So despite the SNP’s claims to be the part of the left social democracy, their actions in government position them as a conservative, tax lowering, public service cutting coalition like any other. Previously the SNP campaigned to follow in Ireland’s footsteps by reducing corporation tax to encourage inbound investment. Per their website, they remain committed ‘to low and competitive taxes for our business community’. Considering the UK already has amongst the lowest corporate tax rates in the world, this reads like a commitment to reduce taxation to a nominal level.
I am very happy to applaud the SNP’s achievements: the abolition of prescription charges and retaining free tertiary education in Scotland. But I think we must remain sceptical of these giveaways. Ultimately, there is a cost to these policies, and that will be borne elsewhere in government, e.g. by closing libraries, or by allowing the condition of roads to deteriorate. As far as I can see, the SNP has no plan to increase tax revenues to fund further social spending. They may claim to be the anti-austerity party, but there is little evidence for this in their actions in government.
My last criticism is that the SNP argue that a vote for them is a vote for Scotland to have a stronger voice in the union. The upcoming election is an election to determine the government of the United Kingdom. The SNP, the 45, of the 52, or however they brand themselves, must accept that they lost the referendum. We actively chose to be a part of the Union. We already have a disproportionately strong voice in the union due to having two representative parliaments. And I say this as someone who voted yes to independence. But when I cast my vote in May, I will be voting for a party to govern Britain, not a party who stands only for one community within our nation.
The SNP’s big criticism of Labour is that they are the ‘Red Tories’. That there is no difference between them and the Conservative Party. This is dishonest. The Labour party’s policies on the economy are to the left of both the Conservatives and the SNP.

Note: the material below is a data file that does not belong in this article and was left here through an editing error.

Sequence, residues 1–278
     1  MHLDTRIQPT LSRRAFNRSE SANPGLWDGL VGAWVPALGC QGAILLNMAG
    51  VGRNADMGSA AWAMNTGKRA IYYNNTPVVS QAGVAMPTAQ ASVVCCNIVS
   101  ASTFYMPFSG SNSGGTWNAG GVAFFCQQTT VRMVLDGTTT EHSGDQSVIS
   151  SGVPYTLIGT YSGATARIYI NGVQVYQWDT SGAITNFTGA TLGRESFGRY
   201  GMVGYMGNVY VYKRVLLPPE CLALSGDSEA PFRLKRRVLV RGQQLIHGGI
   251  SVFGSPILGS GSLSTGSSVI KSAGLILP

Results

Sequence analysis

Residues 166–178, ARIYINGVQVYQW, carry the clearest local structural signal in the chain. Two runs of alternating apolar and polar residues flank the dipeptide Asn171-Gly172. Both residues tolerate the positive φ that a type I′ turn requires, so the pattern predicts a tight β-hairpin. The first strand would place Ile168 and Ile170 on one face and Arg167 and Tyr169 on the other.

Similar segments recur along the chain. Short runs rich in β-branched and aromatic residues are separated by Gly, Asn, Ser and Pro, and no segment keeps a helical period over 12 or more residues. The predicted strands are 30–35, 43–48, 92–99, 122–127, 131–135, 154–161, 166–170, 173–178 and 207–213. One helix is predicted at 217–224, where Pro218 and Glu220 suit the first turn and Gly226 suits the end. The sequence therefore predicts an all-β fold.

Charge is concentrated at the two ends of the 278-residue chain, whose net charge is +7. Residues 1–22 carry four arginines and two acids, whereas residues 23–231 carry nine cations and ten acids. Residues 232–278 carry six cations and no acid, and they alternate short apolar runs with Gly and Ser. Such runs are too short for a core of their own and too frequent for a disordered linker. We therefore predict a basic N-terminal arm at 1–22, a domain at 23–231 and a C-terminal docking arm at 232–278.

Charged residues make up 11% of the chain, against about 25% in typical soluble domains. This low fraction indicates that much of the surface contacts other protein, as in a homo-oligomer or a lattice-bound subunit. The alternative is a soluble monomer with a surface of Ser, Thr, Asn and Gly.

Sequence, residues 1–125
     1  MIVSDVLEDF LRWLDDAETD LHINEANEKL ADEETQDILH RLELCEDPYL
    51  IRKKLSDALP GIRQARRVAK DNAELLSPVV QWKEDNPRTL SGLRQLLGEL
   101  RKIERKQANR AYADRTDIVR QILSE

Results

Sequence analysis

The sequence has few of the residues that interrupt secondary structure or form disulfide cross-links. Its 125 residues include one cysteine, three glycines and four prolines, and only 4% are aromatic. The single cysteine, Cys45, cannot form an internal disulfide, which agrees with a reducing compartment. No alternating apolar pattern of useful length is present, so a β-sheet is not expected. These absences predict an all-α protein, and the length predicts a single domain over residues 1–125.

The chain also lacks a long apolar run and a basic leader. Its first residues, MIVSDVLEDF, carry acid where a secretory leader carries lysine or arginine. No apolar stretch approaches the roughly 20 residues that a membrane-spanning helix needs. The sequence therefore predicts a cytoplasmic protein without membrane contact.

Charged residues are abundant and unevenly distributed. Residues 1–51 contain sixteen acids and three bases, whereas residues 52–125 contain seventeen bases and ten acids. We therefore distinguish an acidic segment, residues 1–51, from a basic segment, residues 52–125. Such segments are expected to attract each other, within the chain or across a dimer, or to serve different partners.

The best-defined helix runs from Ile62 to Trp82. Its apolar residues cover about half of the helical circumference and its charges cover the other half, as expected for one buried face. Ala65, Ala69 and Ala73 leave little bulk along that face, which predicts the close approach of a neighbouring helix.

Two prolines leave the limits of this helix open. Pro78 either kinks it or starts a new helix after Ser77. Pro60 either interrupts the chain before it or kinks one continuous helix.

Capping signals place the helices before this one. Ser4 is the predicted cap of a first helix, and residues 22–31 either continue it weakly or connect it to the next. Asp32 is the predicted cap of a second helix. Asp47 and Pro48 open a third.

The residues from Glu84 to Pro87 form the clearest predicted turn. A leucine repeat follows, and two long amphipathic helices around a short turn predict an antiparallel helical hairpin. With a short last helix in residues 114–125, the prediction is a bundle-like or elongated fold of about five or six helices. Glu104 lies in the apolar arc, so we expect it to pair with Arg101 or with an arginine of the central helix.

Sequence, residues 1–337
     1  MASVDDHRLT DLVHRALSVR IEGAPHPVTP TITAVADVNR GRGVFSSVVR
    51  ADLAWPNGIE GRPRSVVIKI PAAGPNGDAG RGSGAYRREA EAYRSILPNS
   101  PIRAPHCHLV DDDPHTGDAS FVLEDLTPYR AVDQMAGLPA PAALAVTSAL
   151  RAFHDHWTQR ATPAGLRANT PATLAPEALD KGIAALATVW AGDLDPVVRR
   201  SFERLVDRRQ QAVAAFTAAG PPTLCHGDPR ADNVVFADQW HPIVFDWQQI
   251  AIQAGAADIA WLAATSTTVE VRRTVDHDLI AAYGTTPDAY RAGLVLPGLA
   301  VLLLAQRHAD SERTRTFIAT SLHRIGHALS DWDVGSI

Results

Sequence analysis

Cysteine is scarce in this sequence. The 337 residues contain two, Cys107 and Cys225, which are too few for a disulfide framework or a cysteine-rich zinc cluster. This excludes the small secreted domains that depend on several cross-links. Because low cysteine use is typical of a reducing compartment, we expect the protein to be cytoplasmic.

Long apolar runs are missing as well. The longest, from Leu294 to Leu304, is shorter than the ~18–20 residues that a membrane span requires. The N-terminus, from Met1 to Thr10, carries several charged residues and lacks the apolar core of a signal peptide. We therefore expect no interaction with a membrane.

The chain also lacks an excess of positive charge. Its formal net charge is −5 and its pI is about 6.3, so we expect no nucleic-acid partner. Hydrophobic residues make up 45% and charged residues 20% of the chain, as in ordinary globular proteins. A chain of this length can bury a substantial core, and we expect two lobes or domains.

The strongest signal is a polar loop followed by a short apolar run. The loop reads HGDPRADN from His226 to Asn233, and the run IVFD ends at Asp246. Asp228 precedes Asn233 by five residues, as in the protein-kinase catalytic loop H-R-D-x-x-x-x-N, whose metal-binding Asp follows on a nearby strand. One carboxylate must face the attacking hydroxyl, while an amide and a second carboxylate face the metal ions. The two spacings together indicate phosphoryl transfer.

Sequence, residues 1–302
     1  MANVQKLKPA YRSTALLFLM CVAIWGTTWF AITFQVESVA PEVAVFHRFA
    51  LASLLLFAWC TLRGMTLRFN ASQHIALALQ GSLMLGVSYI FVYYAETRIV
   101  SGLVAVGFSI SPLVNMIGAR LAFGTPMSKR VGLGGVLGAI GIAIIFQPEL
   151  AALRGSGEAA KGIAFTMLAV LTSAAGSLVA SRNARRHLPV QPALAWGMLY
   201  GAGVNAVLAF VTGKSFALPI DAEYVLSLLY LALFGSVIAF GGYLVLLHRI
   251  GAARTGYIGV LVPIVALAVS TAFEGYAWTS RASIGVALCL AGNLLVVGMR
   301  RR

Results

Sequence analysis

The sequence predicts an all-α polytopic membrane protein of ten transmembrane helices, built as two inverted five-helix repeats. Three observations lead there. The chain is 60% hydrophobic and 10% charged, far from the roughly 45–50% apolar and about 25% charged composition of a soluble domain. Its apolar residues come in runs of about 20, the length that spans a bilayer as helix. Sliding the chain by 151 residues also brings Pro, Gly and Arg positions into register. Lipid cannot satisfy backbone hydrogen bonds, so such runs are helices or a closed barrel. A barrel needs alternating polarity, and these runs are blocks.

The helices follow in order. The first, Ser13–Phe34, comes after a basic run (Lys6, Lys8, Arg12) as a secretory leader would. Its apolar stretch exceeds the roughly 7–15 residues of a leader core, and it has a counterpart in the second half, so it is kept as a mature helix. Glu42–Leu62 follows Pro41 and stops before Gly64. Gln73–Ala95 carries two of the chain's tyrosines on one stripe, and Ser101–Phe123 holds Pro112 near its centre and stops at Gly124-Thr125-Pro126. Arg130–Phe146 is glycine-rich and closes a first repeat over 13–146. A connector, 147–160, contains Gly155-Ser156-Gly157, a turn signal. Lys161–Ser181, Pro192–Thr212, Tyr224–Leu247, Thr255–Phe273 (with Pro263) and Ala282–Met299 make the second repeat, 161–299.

If Labour forms the government, they will increase the minimum wage to £8 per hour, increase public involvement in the railways, and abolish the bedroom tax, undo NHS privatizations introduced by the Conservatives, and increase taxes on the wealthy by restoring the 50p top rate, and introducing a tax on wealth. Labour is further committed to rationalizing the current approach to business taxes. They would reverse the planned cuts to the corporation tax rate, and will carry out a review in order to establish a long-term head-line rate of tax, at the same time reviewing the systems of allowances and deductions that businesses use to reduce their taxable profits.
I agree with the SNP that I would prefer a Labour Party that was committed to non-renewal of Trident. Personally I would like to see them commit to nationalization of the railways and utilities in their entirety. I would like them to be less authoritarian, and more liberal with regards to sin taxes on cigarettes and alcohol, than, like VAT, disproportionately affect the poor and to my mind represent a paternalistic intervention in the lives of people who would rather be left to their choices.
But I won’t hold my nose and vote for them – saying, ‘best of a bad bunch’. I will vote for them happily and proselytize for Labour. To expect any party to represent you and all your views is deeply juvenile. The Labour party is a broad left-wing coalition, which happily accommodates all from Tonys Benn through Blair. And if they were to move to the left, they would likely become unelectable, like the aberration that was Michael Foot’s 1983 manifesto, which preached solely to the pious, and split the party in two.
I would encourage any social democrat to vote Labour ahead of the Scottish National Party. Unless Labour win more seats than the Conservatives, it is highly unlikely that they will form a government. The SNP are not a left-wing alternative. They are the tub-thumpers for a minority. They do not go into this election with a programme for government, they go in as splitters, set on representing only a tenth of the electorate, in a parliament that ultimately must govern for all.